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"Lectio divina is an authentic source of Christian spirituality recommended by our Rule. We therefore practice it every day, so that we may develop a deep and genuine love for it, and so that we may grow in the surpassing knowledge of Christ. In this way we shall put into practice the Apostle Paul’s commandment, which is mentioned in our Rule: “Let the sword of the spirit, the Word of God, live abundantly in your mouth and in your hearts; and whatever you must do, do it in the name of the Lord.”

 Carmelite Constitutions (No. 82)

Divina Lectio: Saints Joachim and Ann, parents of Mary

Lectio Divina: 
Wednesday, July 26, 2017

1) Opening prayer

Lord,
be merciful to your people.
Fill us with your gifts
and make us always eager to serve you
in faith, hope and love.
You live and reign with the Father and the Holy Spirit,
one God, for ever and ever. Amen.

2) Gospel Reading – Matthew 13,1-9

That same day, Jesus left the house and sat by the lakeside, but such large crowds gathered round him that he got into the boat and sat there. The people all stood on the shore and he told them many things in parables.
He said, ‘Listen, a sower went out to sow.
As he sowed, some seeds fell on the edge of the path, and the birds came and ate them up. Others fell on patches of rock where they found little soil and sprang up at once, because there was no depth of earth; but as soon as the sun came up they were scorched and, not having any roots, they withered away. Others fell among thorns, and the thorns grew up and choked them. Others fell on rich soil and produced their crop, some a hundredfold, some sixty, some thirty. Anyone who has ears should listen!’

3) Reflection

• In chapter 13 of the Gospel of Matthew the third great discourse begins, the Discourse of the Parables. As we already said before, in the commentary on the Gospel of July 9th, Matthew organized his Gospel like a new edition of the Law of God or like a new “Pentateuch” with its five books. For this reason his Gospel is composed of five great discourses or teachings of Jesus, followed by narrative parts, in which he describes how Jesus put into practice what he had taught in the discourses. The following is the outline:
Introduction: birth and preparation of the Messiah (Mt 1 to 4)
a) Sermon on the Mountain: the entrance door to the Kingdom (Mt 5 to 7)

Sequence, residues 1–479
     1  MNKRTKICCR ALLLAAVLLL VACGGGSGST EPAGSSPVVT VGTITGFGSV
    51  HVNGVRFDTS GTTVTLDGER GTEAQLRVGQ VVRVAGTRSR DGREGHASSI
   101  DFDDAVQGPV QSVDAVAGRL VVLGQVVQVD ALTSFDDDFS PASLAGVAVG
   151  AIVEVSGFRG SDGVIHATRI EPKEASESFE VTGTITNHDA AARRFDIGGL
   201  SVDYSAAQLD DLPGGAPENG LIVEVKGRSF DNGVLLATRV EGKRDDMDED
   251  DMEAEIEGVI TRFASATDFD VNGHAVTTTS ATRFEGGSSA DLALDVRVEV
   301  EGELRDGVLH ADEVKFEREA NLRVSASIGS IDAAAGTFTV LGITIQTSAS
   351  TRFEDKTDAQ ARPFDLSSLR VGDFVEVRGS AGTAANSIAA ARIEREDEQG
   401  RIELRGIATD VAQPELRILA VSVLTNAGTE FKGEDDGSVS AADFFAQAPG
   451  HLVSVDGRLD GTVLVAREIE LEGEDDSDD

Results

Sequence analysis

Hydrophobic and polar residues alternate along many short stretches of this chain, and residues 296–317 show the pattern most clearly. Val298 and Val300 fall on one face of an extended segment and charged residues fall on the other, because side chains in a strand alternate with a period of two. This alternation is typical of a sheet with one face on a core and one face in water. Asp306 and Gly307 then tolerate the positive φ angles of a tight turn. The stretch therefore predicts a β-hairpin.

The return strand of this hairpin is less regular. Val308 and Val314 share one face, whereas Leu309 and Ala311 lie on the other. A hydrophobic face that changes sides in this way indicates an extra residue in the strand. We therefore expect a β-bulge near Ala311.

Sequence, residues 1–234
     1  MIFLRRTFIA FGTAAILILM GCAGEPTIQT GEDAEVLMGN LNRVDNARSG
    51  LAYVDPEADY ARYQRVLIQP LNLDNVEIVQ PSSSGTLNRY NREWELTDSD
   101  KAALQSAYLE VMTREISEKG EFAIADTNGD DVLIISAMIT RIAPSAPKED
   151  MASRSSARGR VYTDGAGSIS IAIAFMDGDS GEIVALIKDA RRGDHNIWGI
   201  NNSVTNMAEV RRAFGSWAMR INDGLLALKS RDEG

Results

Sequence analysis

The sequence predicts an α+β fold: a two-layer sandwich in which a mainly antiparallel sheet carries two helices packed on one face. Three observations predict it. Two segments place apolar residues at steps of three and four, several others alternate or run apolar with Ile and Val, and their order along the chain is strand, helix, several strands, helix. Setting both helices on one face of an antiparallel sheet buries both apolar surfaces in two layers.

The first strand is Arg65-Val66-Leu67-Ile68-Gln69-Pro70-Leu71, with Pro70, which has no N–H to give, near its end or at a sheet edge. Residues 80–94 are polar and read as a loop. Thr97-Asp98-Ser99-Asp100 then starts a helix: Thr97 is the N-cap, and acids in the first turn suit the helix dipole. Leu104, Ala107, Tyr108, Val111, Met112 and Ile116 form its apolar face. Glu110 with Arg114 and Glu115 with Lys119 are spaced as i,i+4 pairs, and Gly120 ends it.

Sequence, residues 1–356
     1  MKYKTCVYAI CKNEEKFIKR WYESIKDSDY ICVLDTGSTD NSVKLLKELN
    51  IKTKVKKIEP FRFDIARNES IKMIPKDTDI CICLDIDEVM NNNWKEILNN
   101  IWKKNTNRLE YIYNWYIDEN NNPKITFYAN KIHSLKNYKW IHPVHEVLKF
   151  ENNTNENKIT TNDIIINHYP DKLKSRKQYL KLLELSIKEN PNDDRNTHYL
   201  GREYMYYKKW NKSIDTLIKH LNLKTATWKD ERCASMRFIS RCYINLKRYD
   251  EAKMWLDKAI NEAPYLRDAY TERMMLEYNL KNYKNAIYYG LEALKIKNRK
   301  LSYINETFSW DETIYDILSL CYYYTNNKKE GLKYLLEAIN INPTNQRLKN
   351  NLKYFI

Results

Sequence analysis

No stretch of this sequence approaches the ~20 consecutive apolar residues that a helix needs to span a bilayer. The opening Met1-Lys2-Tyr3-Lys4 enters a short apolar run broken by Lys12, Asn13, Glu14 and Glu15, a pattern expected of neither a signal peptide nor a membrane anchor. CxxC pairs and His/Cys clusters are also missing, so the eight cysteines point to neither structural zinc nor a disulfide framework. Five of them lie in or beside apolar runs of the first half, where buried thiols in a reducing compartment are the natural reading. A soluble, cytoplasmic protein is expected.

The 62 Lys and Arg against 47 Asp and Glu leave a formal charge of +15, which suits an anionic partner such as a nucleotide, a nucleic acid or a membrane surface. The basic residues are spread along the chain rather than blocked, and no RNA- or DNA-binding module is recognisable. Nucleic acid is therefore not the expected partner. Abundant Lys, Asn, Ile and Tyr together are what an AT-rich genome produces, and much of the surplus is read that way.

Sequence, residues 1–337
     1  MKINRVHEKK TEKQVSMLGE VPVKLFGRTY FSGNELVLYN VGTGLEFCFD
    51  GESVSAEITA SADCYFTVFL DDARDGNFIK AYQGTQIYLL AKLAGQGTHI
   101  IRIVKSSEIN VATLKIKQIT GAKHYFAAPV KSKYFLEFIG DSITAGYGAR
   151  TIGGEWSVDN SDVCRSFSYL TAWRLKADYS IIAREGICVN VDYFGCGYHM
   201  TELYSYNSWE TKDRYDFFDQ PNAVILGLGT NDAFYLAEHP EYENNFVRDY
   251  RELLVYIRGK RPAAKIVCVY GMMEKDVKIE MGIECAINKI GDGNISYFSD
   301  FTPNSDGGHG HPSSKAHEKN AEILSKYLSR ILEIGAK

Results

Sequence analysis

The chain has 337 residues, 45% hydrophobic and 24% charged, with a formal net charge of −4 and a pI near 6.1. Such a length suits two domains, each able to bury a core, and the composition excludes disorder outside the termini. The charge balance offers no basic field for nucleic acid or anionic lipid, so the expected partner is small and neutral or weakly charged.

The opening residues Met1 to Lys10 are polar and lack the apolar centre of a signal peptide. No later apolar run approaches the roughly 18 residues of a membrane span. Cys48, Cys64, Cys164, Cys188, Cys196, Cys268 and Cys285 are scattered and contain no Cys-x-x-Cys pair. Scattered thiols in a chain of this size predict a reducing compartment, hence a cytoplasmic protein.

Narrative Mt 8 and 9
b) Discourse of the Mission: how to announce and diffuse the Kingdom (Mt 10)
Narrative Mt 11 and 12
c) Discourse of the Parables: the mystery of the Kingdom present in life (Mt 13)
Narrative Mt 14 to 17
d) Discourse of the Community: the new way of living together in the Kingdom (Mt 18)
Narrative 19 to 23
e) Discourse of the future coming of the Kingdom: the utopia which sustains hope (Mt 24 and 25)
Conclusion: Passion, Death and Resurrection (Mt 26 to 28).
• In today’s Gospel we will meditate on the parable of the seed. Jesus had a way of speaking so popular by means of comparisons and parables. Generally, when he finished telling a parable, he did not explain it, but used to say: “He who has ears to hear, let him hear!” (Mt 11,15; 13,9.43). Sometimes he would explain the meaning to the Disciples (Mt 13,36). The parables speak of the things of life; seed, lamp, mustard seed, salt, etc. These are things that exist in daily life, for the people of that time as well as today for us. Thus, the experience that we have today of these things becomes for us a means to discover the presence of the mystery of God in our life. To speak in parables means to reveal the mystery of the Kingdom present in life.
• Matthew 13,1-3: Sitting in the boat, Jesus taught the people. As it happened in the Sermon on the Mountain (Mt 5,1-2), here also Matthew makes a brief introduction to the discourse of the Parables, describing Jesus who teaches in the boat, on the shore, and many people around him who listen. Jesus was not a person who was instructed (Jn 7,15). He had not been to a higher school in Jerusalem. He came from inside the country, from Nazareth. He was unknown, a farmer and craftsman or artisan at the same time. Without asking permission from the religious authority, he began to teach the people. People liked to listen to him. Jesus taught especially by means of parables. We have already heard some of them: fishermen of men (Mt 4,19), the salt (Mt 5,13), the lamp (Mt 5,15), the birds of the sky and the lilies of the field (Mt 6,26.28), the house constructed on the rock (Mt 7,24). And now, in chapter 13, the parables begin to have a particular meaning: they serve to reveal the mystery of the Kingdom of God present in the midst of people and the activity of Jesus.